- Political competition and a lack of crisis management mechanisms could make it very hard for China and Japan to resist escalatory pressures in the very plausible event of a minor armed clash in the East China Sea.
- Japan’s reluctance to use force may be less extensive than some assume and its connections to US strategy and C4SIR systems increase the prospect of early American participation.
- Command and control vulnerabilities could mean serious pre-emption pressures if Beijing thought a larger conflict was possible. American attacks on the PLA’s conventional war-fighting systems could create perverse incentives for China to use its nuclear weapons early while it was still confident in its physical ability to do so.
- Crisis management mechanisms including a secure political hot-line and military to military communication channels which are regularly tested. Military personnel should visit each other, observe exercises and attend training courses.
- The USA could ensure it has a Command, Control, Communications, Computers, Intelligence, Surveillance and Reconnaissance System (C4SIR) which can operate separately from that of Japan. Japan could harden its system.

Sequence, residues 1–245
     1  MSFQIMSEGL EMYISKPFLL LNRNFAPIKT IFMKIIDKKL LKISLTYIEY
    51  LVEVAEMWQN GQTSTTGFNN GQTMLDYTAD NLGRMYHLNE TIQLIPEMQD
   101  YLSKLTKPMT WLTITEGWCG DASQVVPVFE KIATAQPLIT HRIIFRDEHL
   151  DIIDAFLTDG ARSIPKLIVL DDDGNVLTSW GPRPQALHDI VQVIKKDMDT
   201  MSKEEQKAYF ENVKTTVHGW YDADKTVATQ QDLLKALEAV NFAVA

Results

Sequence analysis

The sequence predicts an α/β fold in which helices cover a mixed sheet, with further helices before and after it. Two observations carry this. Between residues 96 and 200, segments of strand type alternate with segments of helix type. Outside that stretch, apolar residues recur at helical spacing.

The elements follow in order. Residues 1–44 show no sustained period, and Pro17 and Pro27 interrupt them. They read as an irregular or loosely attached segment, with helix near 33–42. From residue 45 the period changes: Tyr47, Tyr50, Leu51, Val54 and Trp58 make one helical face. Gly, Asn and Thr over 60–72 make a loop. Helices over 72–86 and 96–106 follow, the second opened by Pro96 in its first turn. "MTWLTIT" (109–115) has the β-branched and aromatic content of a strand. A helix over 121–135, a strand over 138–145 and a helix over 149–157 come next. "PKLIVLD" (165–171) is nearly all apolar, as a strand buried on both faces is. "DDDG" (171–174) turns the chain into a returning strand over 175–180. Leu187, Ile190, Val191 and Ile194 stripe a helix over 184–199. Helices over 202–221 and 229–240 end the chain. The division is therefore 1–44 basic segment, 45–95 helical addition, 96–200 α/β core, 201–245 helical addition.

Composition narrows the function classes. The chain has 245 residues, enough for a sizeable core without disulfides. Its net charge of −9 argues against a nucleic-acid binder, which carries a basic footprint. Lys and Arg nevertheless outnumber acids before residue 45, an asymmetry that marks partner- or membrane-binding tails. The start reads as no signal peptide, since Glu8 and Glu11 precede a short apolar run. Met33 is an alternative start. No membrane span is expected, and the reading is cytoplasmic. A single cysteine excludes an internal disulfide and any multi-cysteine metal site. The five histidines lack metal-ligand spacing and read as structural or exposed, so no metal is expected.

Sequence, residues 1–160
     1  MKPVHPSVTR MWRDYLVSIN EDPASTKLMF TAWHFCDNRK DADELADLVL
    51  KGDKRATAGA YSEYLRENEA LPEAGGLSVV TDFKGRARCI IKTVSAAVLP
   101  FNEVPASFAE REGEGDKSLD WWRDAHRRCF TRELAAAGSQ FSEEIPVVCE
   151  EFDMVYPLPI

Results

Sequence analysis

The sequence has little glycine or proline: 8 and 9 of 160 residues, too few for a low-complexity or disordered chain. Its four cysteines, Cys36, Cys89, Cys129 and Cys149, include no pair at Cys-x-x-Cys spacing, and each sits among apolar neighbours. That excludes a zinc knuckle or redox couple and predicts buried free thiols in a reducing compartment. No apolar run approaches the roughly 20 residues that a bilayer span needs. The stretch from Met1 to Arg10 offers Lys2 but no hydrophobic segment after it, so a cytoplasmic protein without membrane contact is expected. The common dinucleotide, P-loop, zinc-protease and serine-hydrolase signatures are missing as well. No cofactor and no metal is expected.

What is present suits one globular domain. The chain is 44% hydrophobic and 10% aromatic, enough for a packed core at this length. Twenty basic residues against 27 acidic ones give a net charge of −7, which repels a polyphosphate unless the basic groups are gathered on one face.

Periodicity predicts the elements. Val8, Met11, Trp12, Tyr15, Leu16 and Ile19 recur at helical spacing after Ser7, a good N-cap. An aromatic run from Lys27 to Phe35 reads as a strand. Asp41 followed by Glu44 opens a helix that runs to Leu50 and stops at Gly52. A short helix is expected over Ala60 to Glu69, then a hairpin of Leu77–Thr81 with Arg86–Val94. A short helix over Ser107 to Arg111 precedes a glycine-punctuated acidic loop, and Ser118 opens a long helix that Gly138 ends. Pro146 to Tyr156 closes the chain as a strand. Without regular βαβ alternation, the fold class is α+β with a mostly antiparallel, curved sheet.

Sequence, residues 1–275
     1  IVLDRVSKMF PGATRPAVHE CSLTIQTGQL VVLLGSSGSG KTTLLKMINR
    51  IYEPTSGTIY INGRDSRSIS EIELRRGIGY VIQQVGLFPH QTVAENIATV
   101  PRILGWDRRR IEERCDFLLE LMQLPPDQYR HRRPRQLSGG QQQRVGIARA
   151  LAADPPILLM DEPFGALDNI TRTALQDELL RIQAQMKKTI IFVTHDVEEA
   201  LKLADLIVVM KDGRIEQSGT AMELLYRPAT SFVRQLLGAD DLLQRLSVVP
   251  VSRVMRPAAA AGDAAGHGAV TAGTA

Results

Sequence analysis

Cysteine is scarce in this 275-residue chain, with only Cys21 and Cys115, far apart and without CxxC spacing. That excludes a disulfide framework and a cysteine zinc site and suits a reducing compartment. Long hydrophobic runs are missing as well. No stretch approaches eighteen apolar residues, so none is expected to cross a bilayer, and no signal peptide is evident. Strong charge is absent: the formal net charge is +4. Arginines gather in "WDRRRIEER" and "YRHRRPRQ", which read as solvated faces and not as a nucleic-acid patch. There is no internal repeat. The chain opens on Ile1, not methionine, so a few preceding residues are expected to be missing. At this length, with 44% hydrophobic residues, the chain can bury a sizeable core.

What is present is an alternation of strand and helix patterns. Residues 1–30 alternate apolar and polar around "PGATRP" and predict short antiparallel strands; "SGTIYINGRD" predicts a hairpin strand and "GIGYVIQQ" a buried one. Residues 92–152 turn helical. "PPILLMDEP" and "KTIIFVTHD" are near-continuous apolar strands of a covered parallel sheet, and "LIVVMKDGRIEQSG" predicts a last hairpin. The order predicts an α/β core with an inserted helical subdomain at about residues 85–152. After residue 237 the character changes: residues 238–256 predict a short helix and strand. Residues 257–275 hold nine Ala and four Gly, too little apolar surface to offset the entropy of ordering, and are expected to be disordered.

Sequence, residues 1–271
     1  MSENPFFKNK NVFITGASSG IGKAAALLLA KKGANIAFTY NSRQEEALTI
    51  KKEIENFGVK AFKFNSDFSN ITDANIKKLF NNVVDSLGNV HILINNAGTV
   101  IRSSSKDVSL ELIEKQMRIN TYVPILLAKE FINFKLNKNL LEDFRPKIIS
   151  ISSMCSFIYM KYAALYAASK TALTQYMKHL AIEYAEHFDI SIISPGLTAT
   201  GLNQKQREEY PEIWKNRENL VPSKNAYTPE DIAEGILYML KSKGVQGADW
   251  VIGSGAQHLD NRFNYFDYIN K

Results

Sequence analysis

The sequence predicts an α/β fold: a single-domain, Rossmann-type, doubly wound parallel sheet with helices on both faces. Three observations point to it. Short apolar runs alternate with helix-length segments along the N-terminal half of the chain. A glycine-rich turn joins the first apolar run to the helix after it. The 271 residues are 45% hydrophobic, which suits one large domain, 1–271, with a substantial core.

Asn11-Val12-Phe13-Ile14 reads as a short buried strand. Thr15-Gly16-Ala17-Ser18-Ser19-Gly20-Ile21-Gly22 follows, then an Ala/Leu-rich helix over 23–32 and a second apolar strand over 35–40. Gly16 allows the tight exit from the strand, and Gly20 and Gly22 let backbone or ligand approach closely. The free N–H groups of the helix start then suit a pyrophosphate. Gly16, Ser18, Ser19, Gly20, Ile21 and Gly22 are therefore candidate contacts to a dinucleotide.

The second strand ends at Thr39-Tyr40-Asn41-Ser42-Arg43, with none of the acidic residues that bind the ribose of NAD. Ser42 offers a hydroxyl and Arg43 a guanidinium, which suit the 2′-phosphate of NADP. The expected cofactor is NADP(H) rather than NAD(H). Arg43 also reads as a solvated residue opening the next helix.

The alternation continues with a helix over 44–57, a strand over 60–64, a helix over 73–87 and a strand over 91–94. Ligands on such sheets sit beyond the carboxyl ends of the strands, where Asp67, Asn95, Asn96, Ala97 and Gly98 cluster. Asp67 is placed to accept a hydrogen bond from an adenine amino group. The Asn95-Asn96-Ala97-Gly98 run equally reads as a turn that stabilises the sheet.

- China could make clear it has a robust C4SIR. China's deployment of military forces world wide recently may be in part to send such a message to potential enemies. This could include conducting exercises which the media and other nations military leaders are invited to attend. China could improve its C4SIR using its considerable commercial ICT industry capability and workforce.
Australian planners should assume that China and Japan may not be able to continue avoiding minor hostilities over their conflicting East China Sea claims.
Australian planners should also assume that initial hostilities between Japan and China could easily escalate into a much more serious conflict, potentially involving the United States and possibly crossing the nuclear threshold.
Australian policymakers and decision-makers should encourage their Chinese and Japanese counterparts to treat the Sino-Japanese relationship as an adverse partnership involving common as well as competing interests.
Post a Comment